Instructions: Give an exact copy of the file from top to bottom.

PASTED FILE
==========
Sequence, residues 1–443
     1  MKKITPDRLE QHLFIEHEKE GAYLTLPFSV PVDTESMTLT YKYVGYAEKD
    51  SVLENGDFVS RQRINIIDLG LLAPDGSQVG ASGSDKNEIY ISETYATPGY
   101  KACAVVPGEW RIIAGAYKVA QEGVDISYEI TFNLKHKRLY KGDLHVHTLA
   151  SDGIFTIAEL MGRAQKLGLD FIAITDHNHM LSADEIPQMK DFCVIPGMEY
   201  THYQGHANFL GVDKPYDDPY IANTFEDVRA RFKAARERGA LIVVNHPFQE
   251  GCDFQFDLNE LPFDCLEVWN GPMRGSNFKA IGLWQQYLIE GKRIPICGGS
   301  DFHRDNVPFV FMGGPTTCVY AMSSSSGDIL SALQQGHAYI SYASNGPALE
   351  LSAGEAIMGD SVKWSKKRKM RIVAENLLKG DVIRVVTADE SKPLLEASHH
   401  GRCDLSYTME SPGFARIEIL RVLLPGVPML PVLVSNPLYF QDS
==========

Sequence, residues 1–443
     1  MKKITPDRLE QHLFIEHEKE GAYLTLPFSV PVDTESMTLT YKYVGYAEKD
    51  SVLENGDFVS RQRINIIDLG LLAPDGSQVG ASGSDKNEIY ISETYATPGY
   101  KACAVVPGEW RIIAGAYKVA QEGVDISYEI TFNLKHKRLY KGDLHVHTLA
   151  SDGIFTIAEL MGRAQKLGLD FIAITDHNHM LSADEIPQMK DFCVIPGMEY
   201  THYQGHANFL GVDKPYDDPY IANTFEDVRA RFKAARERGA LIVVNHPFQE
   251  GCDFQFDLNE LPFDCLEVWN GPMRGSNFKA IGLWQQYLIE GKRIPICGGS
   301  DFHRDNVPFV FMGGPTTCVY AMSSSSGDIL SALQQGHAYI SYASNGPALE
   351  LSAGEAIMGD SVKWSKKRKM RIVAENLLKG DVIRVVTADE SKPLLEASHH
   401  GRCDLSYTME SPGFARIEIL RVLLPGVPML PVLVSNPLYF QDS